Importance of workforce experience in RTO programs | Deloitte US has been saved
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Authored by Anne-Claire Roesch, Steve Hatfield and Jonathan Pearce
Debates over return to office (RTO) mandates, the hybrid work model, the Great Resignation, or the potential for a recession to shift the balance of power back to employers are missing the point.
A workforce with a meaningful connection to the purpose of their work will be happier, more engaged and contribute more to the bottom line than those who are forced to return to the office based on a corporate mandate. 75% of Gen Z and Millennials in our recent Global Survey seek a hybrid work model because they do not want to lose the flexibility gained during the pandemic. They desire to be in the office when it makes sense – to collaborate with teammates when it matters1. Leaders who are intentional about creating the right experiences based on the work itself will perform better in the war for talent and unlock more value for their organization.
The worker-employer relationship has shifted from old assumptions like "staff are more productive in the office" and "workers should leave their worries at home" to a new vision where nurturing a productive relationship with workers is vital for an organization to thrive and navigate disruption.
What's caused this?
The COVID pandemic blurred the lines between home and work, as people experienced an alternative work-life balance first-hand.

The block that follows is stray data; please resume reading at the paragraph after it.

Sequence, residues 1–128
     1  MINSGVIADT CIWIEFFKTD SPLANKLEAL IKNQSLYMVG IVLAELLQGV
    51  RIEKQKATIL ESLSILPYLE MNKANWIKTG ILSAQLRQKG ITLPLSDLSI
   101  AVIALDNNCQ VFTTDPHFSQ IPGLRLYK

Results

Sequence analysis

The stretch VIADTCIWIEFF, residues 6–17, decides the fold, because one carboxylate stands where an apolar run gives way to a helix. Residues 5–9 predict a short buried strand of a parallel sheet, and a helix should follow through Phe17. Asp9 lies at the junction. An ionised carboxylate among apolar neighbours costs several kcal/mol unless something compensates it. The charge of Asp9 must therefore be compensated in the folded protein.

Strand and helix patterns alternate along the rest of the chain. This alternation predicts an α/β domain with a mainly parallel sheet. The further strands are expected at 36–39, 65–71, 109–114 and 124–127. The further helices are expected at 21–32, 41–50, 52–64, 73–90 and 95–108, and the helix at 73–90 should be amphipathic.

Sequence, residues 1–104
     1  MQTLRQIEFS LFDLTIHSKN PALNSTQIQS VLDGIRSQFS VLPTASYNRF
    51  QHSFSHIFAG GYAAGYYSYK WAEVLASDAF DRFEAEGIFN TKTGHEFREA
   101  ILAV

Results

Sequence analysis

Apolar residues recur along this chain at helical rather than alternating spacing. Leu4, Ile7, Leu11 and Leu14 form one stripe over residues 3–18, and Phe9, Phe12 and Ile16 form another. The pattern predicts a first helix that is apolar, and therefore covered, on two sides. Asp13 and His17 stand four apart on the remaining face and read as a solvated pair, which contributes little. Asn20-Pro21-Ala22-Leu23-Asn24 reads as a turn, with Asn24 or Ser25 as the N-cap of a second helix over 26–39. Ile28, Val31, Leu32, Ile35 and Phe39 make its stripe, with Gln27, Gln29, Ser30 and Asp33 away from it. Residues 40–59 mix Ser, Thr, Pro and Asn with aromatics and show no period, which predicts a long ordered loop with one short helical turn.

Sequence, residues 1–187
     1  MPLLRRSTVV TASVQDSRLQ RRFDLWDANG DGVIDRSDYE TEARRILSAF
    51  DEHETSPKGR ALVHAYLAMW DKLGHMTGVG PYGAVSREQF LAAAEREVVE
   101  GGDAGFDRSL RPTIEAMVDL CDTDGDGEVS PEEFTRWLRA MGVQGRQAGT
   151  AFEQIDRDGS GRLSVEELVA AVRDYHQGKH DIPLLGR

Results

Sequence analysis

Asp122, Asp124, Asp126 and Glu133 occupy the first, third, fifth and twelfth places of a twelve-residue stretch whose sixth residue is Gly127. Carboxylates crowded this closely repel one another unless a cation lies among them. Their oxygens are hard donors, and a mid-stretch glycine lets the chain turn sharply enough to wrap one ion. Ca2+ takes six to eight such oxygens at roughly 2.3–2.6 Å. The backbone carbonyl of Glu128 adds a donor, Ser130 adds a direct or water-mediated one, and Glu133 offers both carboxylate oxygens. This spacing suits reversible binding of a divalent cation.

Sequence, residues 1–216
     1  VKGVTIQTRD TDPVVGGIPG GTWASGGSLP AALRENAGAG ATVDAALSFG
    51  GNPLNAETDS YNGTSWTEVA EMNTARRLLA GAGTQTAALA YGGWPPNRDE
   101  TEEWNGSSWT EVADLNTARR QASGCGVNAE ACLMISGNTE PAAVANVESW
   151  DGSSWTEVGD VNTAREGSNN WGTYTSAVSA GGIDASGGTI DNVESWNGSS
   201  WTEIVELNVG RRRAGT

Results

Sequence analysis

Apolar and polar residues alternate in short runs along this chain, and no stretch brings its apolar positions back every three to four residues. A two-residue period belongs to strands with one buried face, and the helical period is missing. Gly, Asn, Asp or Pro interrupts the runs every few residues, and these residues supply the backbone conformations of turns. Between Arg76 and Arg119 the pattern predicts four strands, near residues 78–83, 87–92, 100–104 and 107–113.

The pandemic gave us a platform to think differently and consider how we:
As the world returns to pre-COVID activity levels – dining out at restaurants and resuming business and leisure travel – offices have not seen the same rebound in activity2. Hybrid work models that combine remote and in-person work are the expectation, not the exception.
Leaders are too focused on face time instead of cultivating individual and team potential
Leaders remain distracted by the ongoing tug-of-war between companies and the workforce on return to office. In many cases, the places and spaces to which workers have been mandated to return have not caught up with the realities of hybrid, video-enabled work, nor do they foster the types of spontaneous collisions and interactions that a workforce might seek out by returning to an office outside the solitary experience of at-home work.
Further, as the threat of a recession looms, the dialogue is shifting to a “swing back” effect – namely, that the “power” will shift back to companies as exit opportunities potentially become scarce and performance and profitability per worker gain increased scrutiny.